To work as a ship pilot, you typically need to:
- have a high school diploma or equivalent;
- complete a formal training program;
- have one to five years of related work experience; and
- have a ship pilot license.
Education after high school
Training programs for ship officers are approved and monitored by the US Coast Guard. The Coast Guard is an agency of the US Department of Homeland Security. You must be licensed by this agency to operate watercraft.
You can prepare for a ship officer license by attending the US Merchant Marine Academy or one of six state academies. Three academies are located on the East Coast, in Maine, Massachusetts, and New York. The other three are located in Michigan, Texas, and California.
These academies offer a four-year training program that leads to a bachelor's degree. The training at the academies prepares you for the licensing exam. Courses cover topics such as navigation, rules of the road, and meteorology. You also study marine rules and pollution, cargo, and standing watch. After graduating, you may pursue a license as a third mate (deck officer).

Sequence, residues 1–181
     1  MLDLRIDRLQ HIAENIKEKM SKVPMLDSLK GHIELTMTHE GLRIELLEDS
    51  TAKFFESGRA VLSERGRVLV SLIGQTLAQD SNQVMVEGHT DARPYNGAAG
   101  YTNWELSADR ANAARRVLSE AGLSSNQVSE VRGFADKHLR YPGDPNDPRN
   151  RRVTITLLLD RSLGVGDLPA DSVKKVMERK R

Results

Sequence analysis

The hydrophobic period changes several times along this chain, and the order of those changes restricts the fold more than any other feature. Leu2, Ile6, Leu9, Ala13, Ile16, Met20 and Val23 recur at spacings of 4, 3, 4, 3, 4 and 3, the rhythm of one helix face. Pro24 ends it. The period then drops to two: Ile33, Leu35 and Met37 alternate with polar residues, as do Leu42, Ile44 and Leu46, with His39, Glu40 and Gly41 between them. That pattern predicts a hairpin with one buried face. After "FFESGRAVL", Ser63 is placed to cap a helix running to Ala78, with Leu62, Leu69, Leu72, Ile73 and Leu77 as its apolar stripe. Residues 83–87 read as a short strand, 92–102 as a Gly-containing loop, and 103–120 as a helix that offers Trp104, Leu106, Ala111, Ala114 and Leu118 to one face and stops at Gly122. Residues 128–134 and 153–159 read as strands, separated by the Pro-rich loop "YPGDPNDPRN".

Ship pilots usually complete an apprenticeship with a towing company or pilot's association.
Ship pilots typically have several years of work experience. You can prepare for a ship pilot apprenticeship by gaining experience as a deckhand. Local unions provide training. As you gain experience and pass rating exams, you move up the ranks.
Some branches of the military train people to be quartermasters and boat operators. Training lasts six to 22 weeks, depending on your specialty. Another option is training as a ship and submarine officer. The length of training varies by specialty. For both occupations additional training occurs on the job and through advanced courses.